Why Jan. 6 Is Key Date for Trump’s Election Gripes
(Bloomberg) -- The voters have spoken. So have the electors who, under America’s unique system, have the official job of choosing the next president. The U.S. Congress still has a role to play, one that’s usually mostly ceremonial, but this time around could mark one last attempt by loyalists to President Donald Trump to overturn the election of President-elect Joe Biden.
1. What is Congress’s role?
On Wednesday, the Senate and House meet jointly to open and count certificates of electoral votes from the 50 states and the District of Columbia, in alphabetical order. Any member may object to the results from any individual state. The process is spelled out in great detail in the U.S. legal code, right down to the Jan. 6 date and the hour (1 p.m.) at which the joint session begins. The candidate who reaches 270 electoral votes is the winner. Vice President Mike Pence, whose duties include being the president of the Senate, will lead the session.
2. What might happen this time?
Numerous House Republicans have said they will object to the official electoral results from some or all of six states won by Biden -- Arizona, Georgia, Michigan, Nevada, Pennsylvania and Wisconsin. As many as a dozen Republican senators say they, too, will raise objections to one or more state results.
3. What happens then?
If at least one representative and one senator object to a state’s result, the joint session immediately recesses before the next state is called. The House and Senate meet separately to debate the objection for up to two hours before voting on whether to count or discard the electoral votes in question. Only if the objection is approved by both houses would votes be excluded. With a Democratic majority in the House, and several Republican senators on record opposing Trump’s attempts to overturn Biden’s win, any objection would be highly unlikely to succeed in getting electoral votes thrown out. But if separate two-hour debates are required for multiple states, the process could become a drawn-out, acrimonious affair.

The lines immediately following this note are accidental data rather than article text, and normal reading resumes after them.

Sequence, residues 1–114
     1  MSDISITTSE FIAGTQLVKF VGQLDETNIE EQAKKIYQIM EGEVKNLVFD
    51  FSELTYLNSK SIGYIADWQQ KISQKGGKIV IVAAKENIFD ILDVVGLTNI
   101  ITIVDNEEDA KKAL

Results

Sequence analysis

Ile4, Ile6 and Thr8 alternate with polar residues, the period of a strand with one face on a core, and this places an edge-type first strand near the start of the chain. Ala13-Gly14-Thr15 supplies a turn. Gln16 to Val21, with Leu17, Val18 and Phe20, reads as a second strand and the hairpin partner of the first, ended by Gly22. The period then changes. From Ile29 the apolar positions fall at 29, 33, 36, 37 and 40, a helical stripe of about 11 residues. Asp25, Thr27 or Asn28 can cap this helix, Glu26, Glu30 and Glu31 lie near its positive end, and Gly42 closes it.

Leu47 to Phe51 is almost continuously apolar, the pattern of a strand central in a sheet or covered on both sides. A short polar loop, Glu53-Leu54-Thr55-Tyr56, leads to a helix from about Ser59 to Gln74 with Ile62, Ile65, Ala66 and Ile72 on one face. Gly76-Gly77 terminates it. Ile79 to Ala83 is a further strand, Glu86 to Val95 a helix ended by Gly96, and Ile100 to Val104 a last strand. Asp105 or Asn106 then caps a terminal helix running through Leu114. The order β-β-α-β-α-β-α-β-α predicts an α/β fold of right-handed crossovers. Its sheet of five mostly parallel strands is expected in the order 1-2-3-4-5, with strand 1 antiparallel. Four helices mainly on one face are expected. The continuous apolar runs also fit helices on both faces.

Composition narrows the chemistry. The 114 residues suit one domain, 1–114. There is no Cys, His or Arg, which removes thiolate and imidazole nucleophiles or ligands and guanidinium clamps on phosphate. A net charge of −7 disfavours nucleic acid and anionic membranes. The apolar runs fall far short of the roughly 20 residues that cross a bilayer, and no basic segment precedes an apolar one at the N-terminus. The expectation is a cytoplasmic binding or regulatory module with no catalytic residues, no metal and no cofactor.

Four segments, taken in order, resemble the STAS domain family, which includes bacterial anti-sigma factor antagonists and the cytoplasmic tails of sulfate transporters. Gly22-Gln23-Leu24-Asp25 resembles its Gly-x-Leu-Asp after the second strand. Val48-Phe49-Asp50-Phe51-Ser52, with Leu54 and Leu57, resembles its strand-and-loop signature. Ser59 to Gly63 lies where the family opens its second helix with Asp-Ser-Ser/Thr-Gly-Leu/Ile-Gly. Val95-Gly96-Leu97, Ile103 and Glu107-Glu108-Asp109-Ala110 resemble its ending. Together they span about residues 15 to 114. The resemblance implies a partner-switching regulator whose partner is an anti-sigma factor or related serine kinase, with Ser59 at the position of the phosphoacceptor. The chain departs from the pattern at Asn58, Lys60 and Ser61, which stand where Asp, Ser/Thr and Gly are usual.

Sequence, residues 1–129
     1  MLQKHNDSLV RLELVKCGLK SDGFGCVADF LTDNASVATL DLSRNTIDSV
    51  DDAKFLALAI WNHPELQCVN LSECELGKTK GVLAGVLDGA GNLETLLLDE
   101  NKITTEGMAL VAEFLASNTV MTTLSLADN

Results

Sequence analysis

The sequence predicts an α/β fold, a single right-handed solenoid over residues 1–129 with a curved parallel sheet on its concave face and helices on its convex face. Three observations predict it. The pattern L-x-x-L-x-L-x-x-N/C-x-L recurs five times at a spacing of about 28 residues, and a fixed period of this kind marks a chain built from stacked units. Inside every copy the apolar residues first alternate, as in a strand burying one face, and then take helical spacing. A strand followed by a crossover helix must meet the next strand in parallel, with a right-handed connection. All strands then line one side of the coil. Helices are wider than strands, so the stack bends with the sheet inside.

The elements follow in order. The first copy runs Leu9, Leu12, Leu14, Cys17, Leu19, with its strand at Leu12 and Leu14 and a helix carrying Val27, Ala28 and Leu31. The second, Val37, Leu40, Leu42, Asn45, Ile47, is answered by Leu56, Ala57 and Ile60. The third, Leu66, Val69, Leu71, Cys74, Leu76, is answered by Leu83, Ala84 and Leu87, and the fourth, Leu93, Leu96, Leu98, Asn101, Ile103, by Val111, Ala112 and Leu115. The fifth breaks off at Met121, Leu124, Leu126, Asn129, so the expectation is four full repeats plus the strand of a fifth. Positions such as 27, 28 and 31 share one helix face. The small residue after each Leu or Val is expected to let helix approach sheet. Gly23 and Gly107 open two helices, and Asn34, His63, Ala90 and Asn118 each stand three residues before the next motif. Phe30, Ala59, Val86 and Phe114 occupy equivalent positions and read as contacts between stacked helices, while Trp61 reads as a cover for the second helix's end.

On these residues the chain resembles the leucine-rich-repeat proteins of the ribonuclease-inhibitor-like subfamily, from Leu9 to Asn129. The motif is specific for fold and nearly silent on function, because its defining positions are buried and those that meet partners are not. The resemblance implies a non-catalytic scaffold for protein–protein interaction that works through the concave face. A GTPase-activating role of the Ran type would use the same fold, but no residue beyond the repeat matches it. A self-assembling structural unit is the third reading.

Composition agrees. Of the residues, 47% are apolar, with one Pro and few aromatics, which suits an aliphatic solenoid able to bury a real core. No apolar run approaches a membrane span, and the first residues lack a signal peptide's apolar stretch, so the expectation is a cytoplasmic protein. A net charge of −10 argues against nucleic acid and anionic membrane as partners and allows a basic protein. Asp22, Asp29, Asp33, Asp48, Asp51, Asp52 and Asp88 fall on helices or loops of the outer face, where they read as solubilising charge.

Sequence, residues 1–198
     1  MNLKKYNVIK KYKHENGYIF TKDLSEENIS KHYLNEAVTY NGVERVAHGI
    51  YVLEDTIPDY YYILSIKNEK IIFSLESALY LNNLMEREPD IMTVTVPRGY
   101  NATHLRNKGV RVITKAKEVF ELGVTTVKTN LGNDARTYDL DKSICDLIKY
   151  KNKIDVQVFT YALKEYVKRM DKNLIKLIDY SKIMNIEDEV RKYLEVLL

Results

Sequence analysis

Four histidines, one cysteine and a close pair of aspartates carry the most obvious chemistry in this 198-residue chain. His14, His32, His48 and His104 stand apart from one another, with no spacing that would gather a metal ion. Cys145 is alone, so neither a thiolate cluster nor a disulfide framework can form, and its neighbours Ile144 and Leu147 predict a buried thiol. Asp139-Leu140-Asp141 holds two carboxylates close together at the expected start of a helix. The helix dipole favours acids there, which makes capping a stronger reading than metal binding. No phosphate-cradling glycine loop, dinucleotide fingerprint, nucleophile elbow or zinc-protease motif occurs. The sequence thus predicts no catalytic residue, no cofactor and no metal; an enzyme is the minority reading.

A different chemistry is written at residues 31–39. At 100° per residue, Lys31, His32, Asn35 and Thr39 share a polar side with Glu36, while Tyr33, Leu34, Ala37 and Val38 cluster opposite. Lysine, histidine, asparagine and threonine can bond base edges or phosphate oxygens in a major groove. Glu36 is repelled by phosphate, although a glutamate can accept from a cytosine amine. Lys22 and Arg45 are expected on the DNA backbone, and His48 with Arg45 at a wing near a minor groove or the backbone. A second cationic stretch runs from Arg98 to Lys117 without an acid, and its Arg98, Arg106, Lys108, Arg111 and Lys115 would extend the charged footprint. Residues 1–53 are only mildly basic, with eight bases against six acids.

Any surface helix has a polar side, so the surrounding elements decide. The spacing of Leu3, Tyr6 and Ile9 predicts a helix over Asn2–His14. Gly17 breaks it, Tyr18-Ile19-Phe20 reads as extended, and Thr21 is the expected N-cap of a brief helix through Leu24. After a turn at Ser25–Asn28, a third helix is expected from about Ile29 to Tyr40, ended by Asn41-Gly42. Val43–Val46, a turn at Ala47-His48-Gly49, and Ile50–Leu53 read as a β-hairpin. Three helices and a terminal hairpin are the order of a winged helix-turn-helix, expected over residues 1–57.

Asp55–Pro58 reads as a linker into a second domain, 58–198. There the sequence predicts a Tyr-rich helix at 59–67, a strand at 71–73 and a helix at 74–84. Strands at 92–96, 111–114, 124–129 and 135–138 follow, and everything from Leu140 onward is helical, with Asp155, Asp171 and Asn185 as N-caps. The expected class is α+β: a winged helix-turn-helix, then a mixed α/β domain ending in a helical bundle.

4. What is Pence’s role?
The traditional view is that Pence, as the presiding officer, has a mostly ministerial role in these proceedings -- preserving order, hearing objections, announcing results. That means he may find himself in the awkward position of having to gavel down objections raised by supporters who would like nothing more than to keep him in office as vice president. A Republican representative from Texas, Louie Gohmert, tried to get a federal court to rule that Pence has the power to order that Democratic electors not be counted, but judges rejected his effort. That didn’t stop Trump, in a Jan. 5 tweet, from alleging that Pence could do just that.
5. Have objections been raised before?
Actually, objections aren’t rare during this process, but usually they are disposed of quickly and easily. After the 2016 election won by Trump, for instance, several Democratic representatives attempted to challenge electoral votes, but no senator joined them. In 2005, following the contest between George W. Bush and John Kerry, some Democrats were unhappy about voting issues that had come up in Ohio. In that instance, both Ohio Representative Stephanie Tubbs Jones and California Senator Barbara Boxer objected to Ohio’s results, triggering consideration by both chambers. After about an hour of debate among senators -- and lengthier debate among representatives -- the challenge was rejected by votes of 267-31 by the House and 74-1 by the Senate.
6. Has Congress ever rejected votes?
In 1873, Congress decided not to count votes from Arkansas and Louisiana in the re-election of President Ulysses S. Grant, though Grant would have been the victor either way, according to the Congressional Research Service. Four years later, in 1877, a joint session of Congress confronting competing slates of electors opted to create a bipartisan electoral commission to resolve the highly disputed election between Democrat Samuel Tilden and Republican Rutherford B. Hayes, who ended up winning by a single electoral vote. In hopes of avoiding such a situation in the future, Congress passed the Electoral College Act of 1887, which formed the basis for the current law. There have been no cases to date in which the process has changed the outcome of an election, according to the Congressional Research Service.
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